Apartment living goes green and gets connected
Drew and Ezra Temko, both 30, moved to the Seacoast from the Philadelphia area two years ago. “We likely would not be living in Newmarket if it weren’t for the Mills,” Drew says. “I traveled to the area prior to our move and fell in love with the Mills for several reasons: being on the water, the beautiful exterior of the building, heated floors, large windows, and the location in downtown Newmarket.”
Newmarket Mills is a thriving mixed-use property set in historic mill buildings. Between 2010 and 2012, abandoned mills along Newmarket’s Main Street were revitalized through a public and private partnership primarily among the town, the Newmarket Community Development Corporation, and Chinburg Properties, a 30-year-old development and construction firm based in Newmarket.
“When it comes to choosing a home, traditional values are making a comeback,” says Jen Chinburg, the company’s marketing director. “There’s a real interest in returning to priorities-driven, thoughtfully constructed, community-based residences, downtown and beyond. The town of Newmarket was great to work with and was really supportive of the concept to provide these types of residences through modern apartments that offer plenty of historic charm.”
The Temkos rent a two-bedroom apartment, decorated in a style Drew describes as mid-century eclectic. “Most of our family and friends seem to be impressed by how we made an apartment feel like a home,” Drew says. “Just because you rent doesn’t mean you can’t create a haven to enjoy.” The Temkos find that renting has many advantages. “The Mills certainly has increased our quality of life,” Drew says. “We’re constantly on the go. We’re too busy to worry about the lawn, repairs, and all the other work that comes with homeownership. School, work, and parenting—we’re waiting for our first foster placement—can be overwhelming. We simply pay our rent and utilities. The luxuries of living in the Mills have allowed us to strengthen our family unit and our life goals. It allows us to be more successful in what we do.”
Success is no stranger to the Mills. Nearly 200 years ago, Newmarket Manufacturing Company constructed its first mill in Newmarket, harnessing the power of the Lamprey River for textile production. Several mills were added over the century that followed and, during peak production, more than 700 people were employed. The company closed in 1929 and the mills housed various tenants in the ensuing decades, including Sam Smith Shoe Co. and Timberland. Though the mills dominated downtown and long symbolized the town’s industriousness, they steadily fell into disrepair by the 1990s.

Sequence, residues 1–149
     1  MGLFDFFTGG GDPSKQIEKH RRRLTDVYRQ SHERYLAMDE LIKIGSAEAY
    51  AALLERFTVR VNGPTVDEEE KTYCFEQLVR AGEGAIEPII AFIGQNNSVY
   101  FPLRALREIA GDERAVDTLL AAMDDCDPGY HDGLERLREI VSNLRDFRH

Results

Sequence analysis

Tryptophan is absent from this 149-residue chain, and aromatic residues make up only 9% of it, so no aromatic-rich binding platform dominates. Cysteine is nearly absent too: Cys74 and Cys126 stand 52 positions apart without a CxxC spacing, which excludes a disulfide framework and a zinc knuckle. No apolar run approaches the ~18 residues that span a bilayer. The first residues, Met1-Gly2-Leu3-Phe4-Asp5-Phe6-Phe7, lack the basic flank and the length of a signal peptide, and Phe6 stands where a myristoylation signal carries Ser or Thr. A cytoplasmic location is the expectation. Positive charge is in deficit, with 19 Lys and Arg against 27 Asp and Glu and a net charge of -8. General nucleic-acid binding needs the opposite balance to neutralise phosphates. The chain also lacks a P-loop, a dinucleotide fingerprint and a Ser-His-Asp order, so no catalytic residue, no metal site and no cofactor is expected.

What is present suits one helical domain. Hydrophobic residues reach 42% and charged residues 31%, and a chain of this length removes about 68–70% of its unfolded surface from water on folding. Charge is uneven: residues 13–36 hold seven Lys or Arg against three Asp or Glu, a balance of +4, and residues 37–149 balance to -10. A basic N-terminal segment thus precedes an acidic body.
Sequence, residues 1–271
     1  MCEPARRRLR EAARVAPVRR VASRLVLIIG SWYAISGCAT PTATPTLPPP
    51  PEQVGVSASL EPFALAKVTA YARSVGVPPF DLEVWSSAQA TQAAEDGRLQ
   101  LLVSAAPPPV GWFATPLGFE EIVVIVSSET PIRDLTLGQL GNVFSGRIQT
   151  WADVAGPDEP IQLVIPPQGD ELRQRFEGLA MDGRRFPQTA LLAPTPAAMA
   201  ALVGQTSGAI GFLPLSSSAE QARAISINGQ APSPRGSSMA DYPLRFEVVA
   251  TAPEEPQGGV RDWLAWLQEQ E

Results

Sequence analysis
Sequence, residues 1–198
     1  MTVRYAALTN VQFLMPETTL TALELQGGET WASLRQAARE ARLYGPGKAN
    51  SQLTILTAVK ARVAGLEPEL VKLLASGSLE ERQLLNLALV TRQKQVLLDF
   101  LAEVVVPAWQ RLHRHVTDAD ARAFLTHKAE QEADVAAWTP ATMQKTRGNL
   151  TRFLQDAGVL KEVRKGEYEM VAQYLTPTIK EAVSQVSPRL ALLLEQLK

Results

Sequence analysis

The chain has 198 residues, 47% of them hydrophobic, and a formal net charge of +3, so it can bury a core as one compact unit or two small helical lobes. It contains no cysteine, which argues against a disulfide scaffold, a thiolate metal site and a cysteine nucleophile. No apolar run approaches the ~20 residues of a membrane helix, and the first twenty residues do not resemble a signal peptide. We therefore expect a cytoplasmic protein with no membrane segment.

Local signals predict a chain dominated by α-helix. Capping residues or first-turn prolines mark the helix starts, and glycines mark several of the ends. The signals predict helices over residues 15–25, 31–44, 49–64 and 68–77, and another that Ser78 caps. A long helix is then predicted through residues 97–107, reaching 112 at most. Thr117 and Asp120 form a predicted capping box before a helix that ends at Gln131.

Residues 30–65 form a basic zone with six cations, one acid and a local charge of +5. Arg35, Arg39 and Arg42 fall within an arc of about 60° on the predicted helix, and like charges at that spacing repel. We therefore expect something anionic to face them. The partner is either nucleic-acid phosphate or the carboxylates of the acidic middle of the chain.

The two-year revitalization of the Mills was decidedly green, from recycling approximately 80 percent of the demolition debris to incorporating eco-elements, both big (such as energy-efficient white roofing) and small (such as locally made light fixtures). Now a bustling and successful space once again, Newmarket Mills has an iconic granite exterior and lofty brick interiors that house up to 200 tenants in 112 apartments (studio, one-bedroom, and two-bedroom apartments) as well as an estimated 200 employees of 30 or so mill-based businesses, including the Joinery, a locally sourced and seasonally influenced restaurant, and Millspace, a civic center for art, history, and culture.
“We always envisioned the mills becoming a vital part of the community again; a lot of hard work realized that vision,” says Diane Hardy, Newmarket town planner. The town’s $6.8-million-dollar Main Street Reconstruction Project coincided with the mill redevelopment, enhancing business, community, and the character of downtown with improved utilities, updated streetscapes, and widened sidewalks.
“The residents of Newmarket Mills have truly revitalized the community” says Steve Fournier, town manager for Newmarket. “What was once empty storefronts and vacant lots are now restaurants, stores, and parks. You can visit the town at any hour of any day, and we have a vibrant downtown. This is due in large part to the people who live in the mills, who are able to walk out their front doors and go shopping or grab a bite to eat.”
Newmarket Mills has received professional recognition, such as the 2012 New Hampshire Preservation Alliance Award and the Build New Hampshire Green Building Award, but it is the positive response from tenants that means the most to Chinburg Properties. “We love hearing we’ve created a space that’s more than just an apartment,” Chinburg says. “We strive for people to live, work, and recreate, all in the same building. When they have to leave, we made it easy for them to get around and get things done; for instance, there’s a bus stop within walking distance and a grocery store that’s part of Newmarket Mills Weaver’s Row development just across the street.”
For the Temkos, the extras included with their apartment were part of why they chose to live at Newmarket Mills. “We own a canoe and a kayak and use them frequently; there’s a place to store them at no cost,” Drew says. “We had a family reunion and were able to reserve the common area to allow our family a place to hang out for the day. They were able to benefit from the beauty of our common-space backyard.”
Chinburg Properties is renovating mills into historically modern apartments in other cities and towns in New Hampshire and Maine, like Perley Canal Mill (Laconia, New Hampshire) and Saco Mills (Saco, Maine). “Part of our mission is to foresee and meet the needs of municipalities, residents, and the environment,” Chinburg says. “To us, this is a quality of life issue. When more people meet their needs within a smaller footprint, there’s a stronger sense of community and more opportunities to recreate and connect.”